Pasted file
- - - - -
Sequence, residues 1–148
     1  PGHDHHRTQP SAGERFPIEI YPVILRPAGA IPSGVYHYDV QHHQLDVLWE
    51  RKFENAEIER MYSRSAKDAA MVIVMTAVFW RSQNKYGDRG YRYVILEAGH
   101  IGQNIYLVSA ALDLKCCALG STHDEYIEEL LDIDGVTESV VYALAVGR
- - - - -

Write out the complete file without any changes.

Sequence, residues 1–148
     1  PGHDHHRTQP SAGERFPIEI YPVILRPAGA IPSGVYHYDV QHHQLDVLWE
    51  RKFENAEIER MYSRSAKDAA MVIVMTAVFW RSQNKYGDRG YRYVILEAGH
   101  IGQNIYLVSA ALDLKCCALG STHDEYIEEL LDIDGVTESV VYALAVGR